Rob Cavestany of Death Angel: A Firm Grip

"You can turn around at any given moment and the whole thing could disappear"

Death Angel founder, Rob Cavestany has seen it all – from the fundamental days of the Bay Area Thrash Metal movement to the triumph and glory that showered down upon it for decades to the new era in which the genre still reigns supreme; unrelenting and uncompromised. When you think in depth of the period Thrash Metal what do you automatically think of? Speed, veracity, ferocity.... Denim!

Taking turns to see who had the lousiest transcontinental phone connection Metal As Fuck finally got a hold of Rob.... “Of all the things, I’m sweating balls here in Oakland, it’s a hot day, I’m drinking a cup of hot coffee and I’m wearing a thick buffalo leather jacket as I’m trying to break it in, it’s brilliant”.

It was 2001, Death Angel were at that time in hiatus however asked to play Chuck Billy’s Clash of The Titans benefit gig, what was the catalyst behind accepting the offer and what happened during that set that ultimately brought Death Angel back? “Well the catalyst was our friend Chuck having cancer and that he personally called me and asked to be a part of it – that was reason enough for us. We never would have reunited for anything other than that benefit show at the time but we hit the stage and the crowd did it for us, it was something we hadn’t felt for eleven years. It was so intense and so emotionally charging that we couldn’t help but feel it. After that show we were getting some serious offers; one thing just lead to the next and we just needed another taste of it – we had no idea it was going to become this permanent”.  

Death Angel have dedicated themselves to the original Thrash sound, uncompromising in your direction – still, after thirty years in the game – so would you state Evil Divide is a continuation of this? “In some ways yes, but I’m being told by many that upon listening to the new album it’s a conclusive statement that we’ve taken a leap forward on Evil Divide. Evolving and pushing the envelope of our sound stylistically and I think it’s pretty apparent that when you give it a listen it’s still intense and thrash and everything you would expect from us and more. There is a lot more depth on this album”.

You have mentioned that time and experience have assisted Death Angel to mature in the studio for this album – so what have been the most valuable lessons you’ve learnt whilst recording for the band in general over the years “Just how to be more efficient about it really, working within time restraints and more importantly how to get into a good head space for the studio - to the point where you are getting tracks down and the red record light is on and it’s the moment of truth that what you’re playing is the permanent mark. So all these factors take place when you try to record and it can be sterile at times it can be nerve wracking it can uncomfortable at times – so getting yourself into a head space where you’re comfortable; an emotionally comfortable space is essential in order to express yourself through the music while the pressure is on and that is what you’re constantly trying to achieve and in my eyes its experience and extreme focus that will lead you there”.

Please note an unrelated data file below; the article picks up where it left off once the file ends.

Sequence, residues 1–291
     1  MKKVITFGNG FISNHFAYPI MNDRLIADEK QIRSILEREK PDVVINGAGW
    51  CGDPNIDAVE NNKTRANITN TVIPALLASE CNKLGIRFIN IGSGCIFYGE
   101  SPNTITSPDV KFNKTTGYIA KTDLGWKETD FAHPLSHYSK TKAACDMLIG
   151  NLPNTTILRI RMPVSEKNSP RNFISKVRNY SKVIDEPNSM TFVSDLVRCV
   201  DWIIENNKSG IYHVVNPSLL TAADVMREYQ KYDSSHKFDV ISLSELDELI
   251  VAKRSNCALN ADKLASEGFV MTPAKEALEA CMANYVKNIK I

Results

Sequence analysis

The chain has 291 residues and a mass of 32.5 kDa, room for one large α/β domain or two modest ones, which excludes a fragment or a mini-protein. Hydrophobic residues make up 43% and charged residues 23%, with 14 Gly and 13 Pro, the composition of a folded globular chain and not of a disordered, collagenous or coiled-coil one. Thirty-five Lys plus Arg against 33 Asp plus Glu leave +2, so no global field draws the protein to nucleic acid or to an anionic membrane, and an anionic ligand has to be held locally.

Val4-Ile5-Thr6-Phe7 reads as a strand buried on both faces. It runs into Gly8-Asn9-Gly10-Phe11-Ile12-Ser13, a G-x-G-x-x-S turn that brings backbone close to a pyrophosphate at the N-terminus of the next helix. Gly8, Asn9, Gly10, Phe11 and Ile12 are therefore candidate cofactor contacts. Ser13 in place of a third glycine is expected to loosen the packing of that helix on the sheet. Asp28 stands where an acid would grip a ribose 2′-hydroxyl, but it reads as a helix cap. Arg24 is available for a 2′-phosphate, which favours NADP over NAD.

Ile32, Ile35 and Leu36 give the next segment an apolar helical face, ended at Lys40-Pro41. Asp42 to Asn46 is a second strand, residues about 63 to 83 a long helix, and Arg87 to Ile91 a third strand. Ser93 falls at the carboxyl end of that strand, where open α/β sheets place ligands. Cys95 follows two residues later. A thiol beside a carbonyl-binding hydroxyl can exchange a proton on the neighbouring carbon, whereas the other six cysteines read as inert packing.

How long were you working on the material for Evil Divide? “Basically since The Dream Calls For Blood [2013] was released – so I started writing songs shortly after. There were writing gaps, sometimes months at a time due to touring. Finally, I’d say after the last leg of the The Dream Calls For Blood tour in Europe, we came home and within those six weeks of being home 60% of the record was written”. What challenges did you encounter during the recording of Evil Divide if any? “Just the general run of the mill challenges – trying to get the best takes you can. You just have to get there any way possible and I can definitely say that there were no odd or weird, fucked up circumstances surrounding the process this time, it went fairly smoothly – I loved the recording process of this album actually – it certainly went a lot smoother than our last album which was loaded with challenges and crazy personal dealings. In comparison it was a lovely walk in the park and one of the best recording processes I’ve had”.

What would you say the album reveals about the band today? “It reveals everything about the band today, our entire lives, everything we go through, every single emotion we experience is poured out into our music especially within the Evil Divide. It shows the band today as a more confident unit; a team who are very proud of what they do. A well seasoned and well oiled machine that is absolutely on fire and on top of their game - that is what you’re hearing on this record”.

As of 2009 you were the only original member left in the band – how was this time for you and did you have any concerns for the future of Death Angel at this time? “Ohh definitely, there are concerns for the future of Death Angel at every point. It’s a volatile situation being tied to five people musically as well as the support team around you. There are a lot of ups and downs on a daily basis, sometimes on an hourly basis. You just hope for the best, anticipate the volatility of this industry and keep it together as best you can. You can turn around at any given moment and the whole thing could disappear – and you have to expect that, you have to be prepared for that. Make the best of every single moment”.

Now you guys are heading out on the road with Slayer and Anthrax at the end of the year for a run of North American shows – so what has the band got in store to further promote the album? “We look to massive world touring for Evil Divide. We are a band known to tour relentlessly so the North American run kicks off the touring cycle for this album. This unfortunately is the only information I can release right now but I’m sure you’ll be hearing from us no doubt”.